Have a look at what I stock in my Welcome In packs. These are essential supplies based on the understanding that short term holiday rentals are self catering. The supplies are for those guests who forget to bring their shampoo and conditioner or who are tired after a long day travelling and just want to put their feet up and brew a hot cuppa to enjoy with a snack. It’s nice to spoil your guests and make them feel welcome even if it’s just a token gesture. It’s also a good place to promote local experiences. Maybe slip a flyer in there or a link to your website with a tourism experiences page. The idea with the pack is you don’t have to keep a stock of basic supplies in cupboards and do stock takes.
Dish cloth/ sponge. My experience is don’t get those cheap two in one items. They really are painful and mostly don’t get used. One decent sized sponge and a separate scourer is just fine. The guests can find the shop if they have another preference.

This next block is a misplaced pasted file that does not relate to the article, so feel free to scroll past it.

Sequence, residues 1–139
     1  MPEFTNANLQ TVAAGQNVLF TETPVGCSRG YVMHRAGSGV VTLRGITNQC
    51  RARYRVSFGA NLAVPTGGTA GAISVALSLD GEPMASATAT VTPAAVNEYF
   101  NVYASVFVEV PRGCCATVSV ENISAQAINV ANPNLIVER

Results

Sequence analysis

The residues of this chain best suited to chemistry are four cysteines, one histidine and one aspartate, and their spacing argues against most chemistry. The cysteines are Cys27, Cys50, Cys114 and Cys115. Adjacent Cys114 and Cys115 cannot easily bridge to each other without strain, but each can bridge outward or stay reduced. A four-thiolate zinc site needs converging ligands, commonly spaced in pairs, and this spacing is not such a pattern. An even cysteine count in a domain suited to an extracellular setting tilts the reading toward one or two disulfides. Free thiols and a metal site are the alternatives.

Toilet paper. Always have toilet paper available but remember you are not running a hotel so maybe one or two roles per toilet and an absolute emergency back up in the laundry cupboard.
Bin liners, extra plastic bags for rubbish and cleaning. I offer samples of laundry power in my Welcome In packs but you can supply a box in the laundry cupboard if you are feeling extra generous.
Heck even toilet spray or blue loo to make your toilet water look fresh ha ha! All those things are very good to have on the premises.
Think about storage spaces for linen, cleaning, supplies, maintenance, wood…anything that you will need to service your house and put a lock on them, mark with a sign for private access only or staff use etc.